The story of "Boaty McBoatface" is a cautionary one for those looking to use social media to build their brands. In this case, here's what happened:
ASKING THE INTERNET FOR HELP is sometimes a great idea. Other times…not so much.
Thanks to enthusiastic online voters, “Boaty McBoatface” could actually be the new official name for a scientific research ship of the Natural Environment Research Council (NERC).
NERC had the brilliant idea to open an online vote to the public to suggest a name. They’ve had quite a few suggestions, including “David Attenborough” and “Henry Worsley” — the Antarctic explorer who passed away in January. But Boaty McBoatface is currently the solid frontrunner.
The Name Our Ship website has crashed multiple times recently due to a ton of incoming traffic, thanks to the loyal supporters of Boaty McBoatface.
The winning name will be announced after voting finishes on April 16. NERC seems to be taking the nonconventional name suggestion with grace, at times even tweeting #BoatyMcBoatface along with its hashtag #NameOurShip.
On the one hand, this "Boaty McBoatface" story has brought publicity to to something that otherwise might not have received any attention at all. In this context, to look on the bright side, perhaps it's time to pull out that old Hollywood saying, "there is no such thing as bad publicity?" On the other hand, "Boaty McBoatface" probably isn't what NERC had in mind when they started this contest. But "Boaty McBoatface" it could very well end up being, so perhaps the best option going forward will be to make lemonade out of lemons?
By the way, now that this story has gotten our attention, what is this scientific research ship exactly and why does it matter? First off, NERC " is the leading funder of independent research, training and innovation in environmental science in the UK," investing in "world-leading science, designed to help us sustain and benefit from our natural resources, predict and respond to natural hazards and understand environmental change."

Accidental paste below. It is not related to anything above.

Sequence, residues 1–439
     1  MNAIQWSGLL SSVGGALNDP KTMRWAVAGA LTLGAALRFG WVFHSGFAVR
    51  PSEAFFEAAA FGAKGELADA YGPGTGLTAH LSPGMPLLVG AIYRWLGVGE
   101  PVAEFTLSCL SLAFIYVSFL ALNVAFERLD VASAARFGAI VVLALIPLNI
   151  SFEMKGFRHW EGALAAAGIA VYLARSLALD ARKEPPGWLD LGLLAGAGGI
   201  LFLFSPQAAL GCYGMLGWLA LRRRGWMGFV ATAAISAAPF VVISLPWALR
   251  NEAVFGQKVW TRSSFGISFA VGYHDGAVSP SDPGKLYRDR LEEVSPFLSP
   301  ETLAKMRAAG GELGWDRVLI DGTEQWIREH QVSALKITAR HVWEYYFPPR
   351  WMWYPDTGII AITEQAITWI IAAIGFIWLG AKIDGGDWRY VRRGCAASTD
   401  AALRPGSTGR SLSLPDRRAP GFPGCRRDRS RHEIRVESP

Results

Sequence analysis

For instance, NERC announced in November 2015 that it was "investing just over £8m in research to ensure we have access to elements needed for a variety of environmental technologies that will provide cleaner energy and more efficient energy usage." That includes "e-tech elements...used in lithium car batteries, solar panels and wind turbines," like "cobalt, tellurium, selenium, neodymium, indium, gallium and heavy rare earth elements."
Thin, cheap solar panels need tellurium, which makes up a meagre 0.0000001 percent of the Earth's crust, making it three times rarer than gold. High-performance batteries need lithium, which is only easily extracted from briny pools in the Andes. Platinum, needed as a catalyst in fuel cells that turn hydrogen into energy, comes almost exclusively from South Africa.
Good stuff. As for "Boaty McBoatface," that's actually "the UK's next world-class polar research ship," slated to sail in 2019 and to "help put the UK at the forefront of ocean research for years to come." That includes "the latest technology and onboard laboratories to help understand the effect of climate change on the Antarctic’s climate and ecosystems, as well as the world’s ocean circulation and sea levels." Clearly, this is an important mission, particularly in a world that's warming rapidly due to the combustion of fossil fuels. And it will remain important, not to mention serious, even if the name of the ship ends up being the decidedly non-serious "Boaty McBoatface." Hey, at least it's memorable!